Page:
Tuesday, January 26, 2010

Puppy Dogs & Cancer Kids - The poor state of "evidence" for Homeopathy

I have to admit that sometimes we skeptics do leave ourselves open to reproach by being sceptical about subjects just because it seems pretty obvious to us how crazy the notion is.  Now this in itself is hardly sceptical, and is at best lazy and at worst arrogant.  Today I feel little better about this after reading through reams of blogs on the subject of the 1023 Campaign reminding me that it’s just not realistic to expect individuals to sift through massive piles of peer-reviewed articles, written using medical, scientific, or statistical jargon, before they decide how best to treat their malaise.  That is indeed why we should be able to look to those with proven scientific or medical knowledge to guide us, such as doctors, scientists, and pharmacists.

Unfortunately, this means that I have put myself back on the hook.  I am a scientist.  I love science, and I love trawling through good papers with strong data, showing a really novel story.  I think (if I had been a scientist when it came out) I would have found Jacques Benveniste’s  Nature article proposing the molecular memory of water1 extremely exciting, even with the foreboding editorial advice from then-editor John Maddox2.  This is exactly the kind of article that you want to be proved right; imagine, water with molecular memory! It just doesn’t make sense, and that is why it would have been truly amazing.  Just think of all the scientists thought absurd in their time, only to be proved right. Yes, the world is round! No, the earth is not the center of the solar system! 

However, I was nine years old when that article came out, and unfortunately I never got to enjoy that particular spine-tingle of excitement as it could not be reproduced in blinded experiments, and scientific query sadly turned to special pleading (which is still ongoing to this day on his behalf).  It has since been shown that one of the properties of water is that within its hydrogen bond network dynamics it can only hold a molecular “memory” for less than fifty millions of a nanosecond3 but then I’m sure there’s a perfectly good yet hitherto undemonstrated explanation for that…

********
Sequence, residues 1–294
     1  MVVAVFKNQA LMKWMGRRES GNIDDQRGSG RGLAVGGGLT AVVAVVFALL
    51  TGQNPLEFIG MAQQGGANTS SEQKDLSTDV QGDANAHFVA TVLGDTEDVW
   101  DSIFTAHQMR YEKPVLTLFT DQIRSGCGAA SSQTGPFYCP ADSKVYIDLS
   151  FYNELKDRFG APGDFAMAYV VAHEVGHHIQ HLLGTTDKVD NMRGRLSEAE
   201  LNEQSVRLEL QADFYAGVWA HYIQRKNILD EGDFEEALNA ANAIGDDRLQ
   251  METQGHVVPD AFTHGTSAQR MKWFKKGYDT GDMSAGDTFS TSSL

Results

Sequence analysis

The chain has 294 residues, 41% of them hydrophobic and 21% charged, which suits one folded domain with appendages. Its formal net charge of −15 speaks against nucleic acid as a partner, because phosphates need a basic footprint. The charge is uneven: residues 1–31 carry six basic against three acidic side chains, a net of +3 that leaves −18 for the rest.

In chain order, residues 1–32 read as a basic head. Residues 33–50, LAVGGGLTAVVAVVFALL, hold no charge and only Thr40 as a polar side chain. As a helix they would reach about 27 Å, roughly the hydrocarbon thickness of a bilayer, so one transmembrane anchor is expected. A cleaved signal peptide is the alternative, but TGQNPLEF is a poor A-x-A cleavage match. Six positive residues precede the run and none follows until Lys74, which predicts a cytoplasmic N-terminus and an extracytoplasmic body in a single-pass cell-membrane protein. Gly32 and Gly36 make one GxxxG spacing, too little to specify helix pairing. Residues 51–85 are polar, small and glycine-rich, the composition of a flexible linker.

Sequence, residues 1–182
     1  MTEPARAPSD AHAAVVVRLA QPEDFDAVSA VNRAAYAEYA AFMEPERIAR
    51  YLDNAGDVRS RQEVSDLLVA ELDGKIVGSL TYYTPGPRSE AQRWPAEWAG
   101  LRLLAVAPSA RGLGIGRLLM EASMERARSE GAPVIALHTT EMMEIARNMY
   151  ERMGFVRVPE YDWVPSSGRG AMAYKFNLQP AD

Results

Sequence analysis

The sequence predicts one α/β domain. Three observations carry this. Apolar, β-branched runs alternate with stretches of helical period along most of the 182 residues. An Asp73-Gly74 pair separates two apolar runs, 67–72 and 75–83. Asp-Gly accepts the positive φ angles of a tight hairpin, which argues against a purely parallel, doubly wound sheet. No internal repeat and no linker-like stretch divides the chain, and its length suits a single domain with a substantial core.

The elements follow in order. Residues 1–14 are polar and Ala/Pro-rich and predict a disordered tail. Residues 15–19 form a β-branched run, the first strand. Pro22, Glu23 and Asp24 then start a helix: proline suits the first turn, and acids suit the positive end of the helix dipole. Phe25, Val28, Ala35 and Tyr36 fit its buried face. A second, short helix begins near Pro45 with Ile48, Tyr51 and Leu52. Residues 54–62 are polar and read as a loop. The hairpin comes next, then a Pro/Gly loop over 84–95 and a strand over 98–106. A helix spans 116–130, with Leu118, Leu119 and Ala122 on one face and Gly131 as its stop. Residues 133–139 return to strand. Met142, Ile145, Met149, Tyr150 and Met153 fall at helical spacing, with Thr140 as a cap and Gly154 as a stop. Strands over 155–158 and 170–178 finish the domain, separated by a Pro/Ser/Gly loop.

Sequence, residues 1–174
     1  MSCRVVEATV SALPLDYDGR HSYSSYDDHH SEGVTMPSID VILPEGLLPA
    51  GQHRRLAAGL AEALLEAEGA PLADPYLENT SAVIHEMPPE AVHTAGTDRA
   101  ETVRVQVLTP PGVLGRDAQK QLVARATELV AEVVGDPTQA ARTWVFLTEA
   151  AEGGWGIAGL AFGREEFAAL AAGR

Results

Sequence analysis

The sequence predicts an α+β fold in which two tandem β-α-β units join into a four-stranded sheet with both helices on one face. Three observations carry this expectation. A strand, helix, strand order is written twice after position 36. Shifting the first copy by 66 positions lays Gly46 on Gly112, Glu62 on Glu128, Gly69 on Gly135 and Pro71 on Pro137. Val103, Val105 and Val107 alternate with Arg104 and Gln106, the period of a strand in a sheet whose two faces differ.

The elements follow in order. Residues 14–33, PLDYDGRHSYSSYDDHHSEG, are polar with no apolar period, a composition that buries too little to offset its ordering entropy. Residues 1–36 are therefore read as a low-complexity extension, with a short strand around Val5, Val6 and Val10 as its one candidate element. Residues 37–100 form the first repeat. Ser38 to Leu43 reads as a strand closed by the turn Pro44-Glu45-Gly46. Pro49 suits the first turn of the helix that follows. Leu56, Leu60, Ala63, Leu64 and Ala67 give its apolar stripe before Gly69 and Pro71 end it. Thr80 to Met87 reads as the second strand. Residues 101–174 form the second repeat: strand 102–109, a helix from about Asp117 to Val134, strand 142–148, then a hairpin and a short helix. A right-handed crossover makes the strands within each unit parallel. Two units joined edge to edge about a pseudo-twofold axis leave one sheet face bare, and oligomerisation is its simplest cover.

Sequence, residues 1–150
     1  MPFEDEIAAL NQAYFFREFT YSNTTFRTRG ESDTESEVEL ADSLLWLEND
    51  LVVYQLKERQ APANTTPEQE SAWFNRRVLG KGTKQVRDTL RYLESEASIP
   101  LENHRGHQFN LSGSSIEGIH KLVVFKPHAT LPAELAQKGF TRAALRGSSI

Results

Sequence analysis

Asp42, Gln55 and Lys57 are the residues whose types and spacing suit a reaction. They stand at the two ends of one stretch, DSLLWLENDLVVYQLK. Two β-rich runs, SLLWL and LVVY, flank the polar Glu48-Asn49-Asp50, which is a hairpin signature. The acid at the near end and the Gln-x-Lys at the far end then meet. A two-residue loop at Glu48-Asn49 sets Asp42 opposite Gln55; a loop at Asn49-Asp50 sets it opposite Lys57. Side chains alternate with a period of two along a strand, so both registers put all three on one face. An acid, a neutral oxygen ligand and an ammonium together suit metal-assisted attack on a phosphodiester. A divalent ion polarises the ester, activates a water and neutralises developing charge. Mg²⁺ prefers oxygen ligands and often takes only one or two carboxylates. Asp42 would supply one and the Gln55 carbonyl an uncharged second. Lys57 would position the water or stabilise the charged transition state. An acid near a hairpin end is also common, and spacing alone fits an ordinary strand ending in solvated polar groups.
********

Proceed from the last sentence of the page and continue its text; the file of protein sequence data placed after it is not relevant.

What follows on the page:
Okay, so I’m getting to my point.   Although the practice of homeopathy is much older than Benveniste’s idea of molecular memory, this was by far the most well researched and seemingly well-presented data supporting the idea.  While it may have turned out to be a disappointing non-story, it does make me think.  If homeopathy holds any basis in truth, why are good, peer-reviewed articles about homeopathy absent from high impact-factor (IF) journals (or even from low IF journals without titles involving the words “Homeopathy”, “New Age”, or “Alternative” for that matter)?  Considering the wealth of anecdotal evidence and ‘professional’ opinion from alternative medicine advocates, you would expect there to be swathes of data on the issue.  Instead on the whole we are presented with; small cohort studies of pathetic statistical significance, non-, single- or ‘almost’-blinded research, and badly controlled experiments no more convincing than beyond the placebo effect.  Why don’t you go to http://www.ncbi.nlm.nih.gov/pmc/ and see for yourself, there are many papers publicly available on this site.

Now when it comes to alternative medicine, it’s only a matter of time before the sick kids are wheeled out to prove a heart-rending point.  Heart-rending is the important point here, far more important than well researched; i.e., not-quite single-blinded, based on forms that the patients fill out, and on kids with different disease progression states.  And for that reason, I’m going to bring on the animals. That’s right. Because, lets face it, there’s only one thing that can even start to compare with sick children, and that’s sad puppy eyes (figure 1).